GRAND ISLAND, Neb. — A Nebraska woman’s old wooden water ski that was transformed into “shotski” — owned for a while by country superstar Kenny Chesney — has become a representation of love, resilience and connection.
Michele Henke, of Doniphan, is a country music fan — more specifically, a Chesney fan. She has been a Chesney fan since the mid-1990s as a newly engaged woman.
She said she discovered Chesney’s music when she was trying to decide on a wedding song. Though she didn’t choose a Chesney song for her wedding, she has connected with his music ever since.
“I think at different times in my life, different songs that he’s had would hit home at different times,” Henke said. “He sings a lot about small town and country and that sort of thing. Well, I’ve never left Doniphan. I live here and my parents live down the road, so I think I can relate to some of that too.”
Henke has two sons, now grown, who played football. Chesney’s “The Boys of Fall,” off of his 2010 “Hemingway’s Whiskey” album, is a song about high school football players. Some of the chorus goes like this:
“It’s I got your number, I got your back
When your back’s against the wall.
You mess with one man, you got us all.
The boys of fall.”
“I couldn’t even listen to that song for a few years,” Henke said. “I’d be like, ‘Oh no, not that one, I’m gonna cry.’ ”
Her oldest son recently got married, and Henke danced to Chesney’s “There Goes My Life” with him.
Since the 2000s, Henke has been to at least 15 Chesney concerts.
“He gives everything and leaves nothing. It’s the most entertaining show that you could ever go to,” Henke said.
In 2016, Henke went to the Chesney concert at Arrowhead Stadium in Kansas City with her family. They arrived early to tailgate before the gates opened in the afternoon. Henke had made a custom No Shoes Nation shotski. No Shoes Nation is the nickname of Chesney’s fan base.
A shotski is a drinking tool that usually holds several glasses for taking shots simultaneously with friends. No Shoes Radio, Chesney’s Internet radio station, noticed Henke’s shotski and interviewed her.
Earlier in the day, Henke had seen Chesney ride past on a golf cart. She didn’t think her day could get better — until the radio crew told her that Chesney saw her shotski and wanted to trade her for it.
She said she’d be happy to just give Chesney the shotski , but he and his crew insisted on a trade. Chesney decided to give Henke a signed guitar.
Chesney held up the shotski on stage during the concert to explain that a fan made it. A photo of him holding it up then became the album cover for 2017’s “Live in No Shoes Nation.”
Henke went to Chesney’s concert earlier this month — on July 14, again at Arrowhead — with her husband and her oldest son and his new wife. A week earlier, they’d returned from the U.S. Virgin Islands — where Chesney’s home, and many others’ — were destroyed in Hurricane Irma in 2017. It was Henke’s seventh time traveling to the islands.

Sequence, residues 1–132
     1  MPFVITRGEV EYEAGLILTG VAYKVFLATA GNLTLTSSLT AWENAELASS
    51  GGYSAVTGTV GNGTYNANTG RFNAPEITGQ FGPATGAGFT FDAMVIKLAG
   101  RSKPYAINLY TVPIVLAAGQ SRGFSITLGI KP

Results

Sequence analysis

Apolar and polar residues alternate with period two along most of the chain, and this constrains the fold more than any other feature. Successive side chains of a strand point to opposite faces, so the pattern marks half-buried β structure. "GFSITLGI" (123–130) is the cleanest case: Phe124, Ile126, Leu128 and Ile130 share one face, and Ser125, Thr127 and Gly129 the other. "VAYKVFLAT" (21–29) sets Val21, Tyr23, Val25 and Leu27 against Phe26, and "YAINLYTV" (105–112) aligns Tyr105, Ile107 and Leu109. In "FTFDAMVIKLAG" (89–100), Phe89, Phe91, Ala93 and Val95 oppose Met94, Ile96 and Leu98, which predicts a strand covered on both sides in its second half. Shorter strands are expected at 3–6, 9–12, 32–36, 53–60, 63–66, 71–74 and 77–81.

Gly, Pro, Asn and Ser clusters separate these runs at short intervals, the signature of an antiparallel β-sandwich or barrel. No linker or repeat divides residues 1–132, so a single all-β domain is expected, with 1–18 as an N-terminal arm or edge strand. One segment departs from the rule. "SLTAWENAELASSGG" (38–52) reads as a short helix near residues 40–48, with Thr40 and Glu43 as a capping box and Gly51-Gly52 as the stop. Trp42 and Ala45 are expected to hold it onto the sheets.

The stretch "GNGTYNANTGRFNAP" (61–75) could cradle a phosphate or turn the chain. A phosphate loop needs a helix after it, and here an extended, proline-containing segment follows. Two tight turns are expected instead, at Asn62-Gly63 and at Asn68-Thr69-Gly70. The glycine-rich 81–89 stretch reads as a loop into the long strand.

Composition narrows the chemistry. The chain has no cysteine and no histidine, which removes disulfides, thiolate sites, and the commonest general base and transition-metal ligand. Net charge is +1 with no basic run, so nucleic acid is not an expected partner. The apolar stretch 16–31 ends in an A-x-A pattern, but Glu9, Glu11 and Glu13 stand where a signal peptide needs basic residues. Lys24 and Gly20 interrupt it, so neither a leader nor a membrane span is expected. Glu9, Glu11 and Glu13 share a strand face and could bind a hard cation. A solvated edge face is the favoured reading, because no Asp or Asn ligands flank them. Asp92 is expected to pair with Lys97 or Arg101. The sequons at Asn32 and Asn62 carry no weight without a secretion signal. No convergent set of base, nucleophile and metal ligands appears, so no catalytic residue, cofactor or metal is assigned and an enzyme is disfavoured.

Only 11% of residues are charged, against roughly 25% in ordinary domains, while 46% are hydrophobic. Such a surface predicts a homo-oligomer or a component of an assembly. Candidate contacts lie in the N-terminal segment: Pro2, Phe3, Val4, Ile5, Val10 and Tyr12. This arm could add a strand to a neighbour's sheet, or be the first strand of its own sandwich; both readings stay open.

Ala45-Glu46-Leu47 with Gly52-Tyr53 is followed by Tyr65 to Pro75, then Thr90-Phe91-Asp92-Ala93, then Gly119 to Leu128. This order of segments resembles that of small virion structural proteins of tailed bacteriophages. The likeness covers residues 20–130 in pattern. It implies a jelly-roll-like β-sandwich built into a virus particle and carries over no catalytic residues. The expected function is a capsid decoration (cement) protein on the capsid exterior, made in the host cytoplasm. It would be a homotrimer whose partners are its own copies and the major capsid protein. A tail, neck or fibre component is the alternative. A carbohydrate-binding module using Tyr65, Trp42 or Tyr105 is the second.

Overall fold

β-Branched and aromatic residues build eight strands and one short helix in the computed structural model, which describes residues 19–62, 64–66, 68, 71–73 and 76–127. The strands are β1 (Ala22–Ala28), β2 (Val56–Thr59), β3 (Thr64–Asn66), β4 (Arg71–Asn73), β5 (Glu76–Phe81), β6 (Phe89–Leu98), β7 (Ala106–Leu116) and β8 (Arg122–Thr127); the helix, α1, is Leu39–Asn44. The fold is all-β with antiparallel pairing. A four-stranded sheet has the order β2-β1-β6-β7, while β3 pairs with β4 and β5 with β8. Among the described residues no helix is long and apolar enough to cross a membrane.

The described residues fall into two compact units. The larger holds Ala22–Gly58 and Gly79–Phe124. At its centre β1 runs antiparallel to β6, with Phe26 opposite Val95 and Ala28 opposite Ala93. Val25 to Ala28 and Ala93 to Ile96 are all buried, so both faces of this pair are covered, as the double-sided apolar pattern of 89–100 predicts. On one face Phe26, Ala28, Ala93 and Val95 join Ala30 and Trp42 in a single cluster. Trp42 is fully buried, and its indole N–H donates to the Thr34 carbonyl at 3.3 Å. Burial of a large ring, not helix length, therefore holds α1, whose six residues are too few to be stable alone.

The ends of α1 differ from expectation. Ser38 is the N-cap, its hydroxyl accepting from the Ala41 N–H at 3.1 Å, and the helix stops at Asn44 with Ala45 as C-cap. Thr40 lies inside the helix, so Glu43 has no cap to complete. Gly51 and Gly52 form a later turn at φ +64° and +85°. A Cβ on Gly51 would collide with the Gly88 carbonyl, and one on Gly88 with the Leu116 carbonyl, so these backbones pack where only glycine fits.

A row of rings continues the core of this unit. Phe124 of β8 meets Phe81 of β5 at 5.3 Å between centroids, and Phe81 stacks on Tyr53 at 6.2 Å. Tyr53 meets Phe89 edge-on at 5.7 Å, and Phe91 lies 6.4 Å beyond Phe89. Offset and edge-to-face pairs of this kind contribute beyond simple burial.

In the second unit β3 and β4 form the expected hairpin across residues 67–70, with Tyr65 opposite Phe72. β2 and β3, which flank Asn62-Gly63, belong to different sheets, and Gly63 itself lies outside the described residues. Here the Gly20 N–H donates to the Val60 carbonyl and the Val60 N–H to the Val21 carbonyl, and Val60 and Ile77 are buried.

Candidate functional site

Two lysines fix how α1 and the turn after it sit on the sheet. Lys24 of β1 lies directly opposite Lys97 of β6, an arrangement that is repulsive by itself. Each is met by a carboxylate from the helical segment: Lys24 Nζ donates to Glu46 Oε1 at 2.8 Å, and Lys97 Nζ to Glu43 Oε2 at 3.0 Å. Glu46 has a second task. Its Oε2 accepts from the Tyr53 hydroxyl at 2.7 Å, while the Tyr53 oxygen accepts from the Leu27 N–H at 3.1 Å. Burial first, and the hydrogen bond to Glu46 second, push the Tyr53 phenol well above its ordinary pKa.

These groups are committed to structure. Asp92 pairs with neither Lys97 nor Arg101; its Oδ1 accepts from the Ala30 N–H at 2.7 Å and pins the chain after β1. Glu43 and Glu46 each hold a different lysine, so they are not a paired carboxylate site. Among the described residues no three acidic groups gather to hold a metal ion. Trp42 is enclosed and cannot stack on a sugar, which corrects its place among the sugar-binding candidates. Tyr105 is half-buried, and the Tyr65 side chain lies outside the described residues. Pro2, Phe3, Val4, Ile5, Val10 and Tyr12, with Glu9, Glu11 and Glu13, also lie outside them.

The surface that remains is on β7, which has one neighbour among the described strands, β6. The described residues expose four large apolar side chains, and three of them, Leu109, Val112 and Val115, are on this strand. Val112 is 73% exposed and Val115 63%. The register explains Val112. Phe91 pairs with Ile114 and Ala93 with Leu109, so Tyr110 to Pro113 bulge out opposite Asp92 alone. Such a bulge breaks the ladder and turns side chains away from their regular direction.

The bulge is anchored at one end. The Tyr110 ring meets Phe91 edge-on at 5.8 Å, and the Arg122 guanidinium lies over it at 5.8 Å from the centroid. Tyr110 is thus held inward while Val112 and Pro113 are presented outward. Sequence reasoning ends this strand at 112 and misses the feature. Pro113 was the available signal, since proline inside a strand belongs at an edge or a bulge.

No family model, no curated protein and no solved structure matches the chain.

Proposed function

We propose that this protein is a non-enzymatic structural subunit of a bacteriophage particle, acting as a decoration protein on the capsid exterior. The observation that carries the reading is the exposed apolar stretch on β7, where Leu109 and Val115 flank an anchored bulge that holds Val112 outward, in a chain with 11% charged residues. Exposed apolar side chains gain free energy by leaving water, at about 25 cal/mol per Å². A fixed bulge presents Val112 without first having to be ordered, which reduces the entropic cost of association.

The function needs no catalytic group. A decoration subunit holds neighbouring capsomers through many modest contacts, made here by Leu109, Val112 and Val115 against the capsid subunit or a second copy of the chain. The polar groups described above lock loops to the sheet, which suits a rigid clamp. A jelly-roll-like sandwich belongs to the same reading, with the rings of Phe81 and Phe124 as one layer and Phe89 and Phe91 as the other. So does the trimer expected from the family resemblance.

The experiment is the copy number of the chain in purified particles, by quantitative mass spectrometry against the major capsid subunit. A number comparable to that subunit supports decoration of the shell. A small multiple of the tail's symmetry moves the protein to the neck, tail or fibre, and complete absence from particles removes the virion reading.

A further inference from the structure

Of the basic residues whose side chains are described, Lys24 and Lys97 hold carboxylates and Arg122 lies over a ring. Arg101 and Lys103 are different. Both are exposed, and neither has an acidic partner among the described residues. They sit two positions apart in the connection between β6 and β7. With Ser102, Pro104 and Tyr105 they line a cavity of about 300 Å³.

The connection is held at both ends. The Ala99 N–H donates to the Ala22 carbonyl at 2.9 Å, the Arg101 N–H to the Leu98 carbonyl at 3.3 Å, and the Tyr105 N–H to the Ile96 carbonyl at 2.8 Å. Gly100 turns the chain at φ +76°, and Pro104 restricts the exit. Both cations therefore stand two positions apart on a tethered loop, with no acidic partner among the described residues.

Again, the No Shoes Radio people saw Henke and interviewed her. This time, she had made Love for Love City chairs and a shotski. Love for Love City is Chesney’s foundation to help the people on the islands affected by the hurricane.
“I don’t know him personally, but I love what he stands for, from what I know outwardly, and giving back,” Henke said of Chesney.
The radio crew told Henke they wanted to take her and her family backstage for a photo in front of a Love for Love City backdrop.
She and her family looked around backstage, seeing items of Chesney’s and photos of her shotski. Henke heard a voice behind her, and as she turned around, she was shocked.
Chesney had wanted to meet them, knowing Henke was the one who made the shotski. And he had something special to give her: the shotski itself.
“This is obviously the ski you guys gave me two years ago,” Chesney said.
“This ski was one of the few things that made it through Hurricane Irma at my house,” he said. “And I thought that this described the connection with my fans and how much they care. And I thought that it described how strong the bond was between me and No Shoes Nation. And you guys were a huge part of that.”
Henke said she and everyone was emotional when Chesney spoke, knowing how much the people on the island and his fans mean to him.
“I can’t tell you how many times that me and my island friends used that shotski. Every day around 3 o’clock.”
Henke repeatedly thanked Chesney. She said she was amazed at how thoughtful the act was. She thanked him for all the work he does for others.
“I swear, this is one of the few things that made it through 200-mile-an-hour winds for eight hours,” Chesney said. “So thank you very much. I love you guys. In a weird way, the fact that it survived that storm shows how strong our (No Shoes Nation) connection is.”
Chesney wrote a special message on the shotski, much of what he told Henke when they met. She said she once thought of making another No Shoes Nation shotski since Kenny had the original, but she didn’t. She said that it’s crazy how it turned out and that he gave it back to her.
Henke said she will never forget the day she met her favorite musician.
The shotski, which stays propped up in Henke’s home, has been through a lot. For Henke, it not only holds the memories of the countless concerts she’s brought it to, but now it holds new sentiment that represents Chesney fans.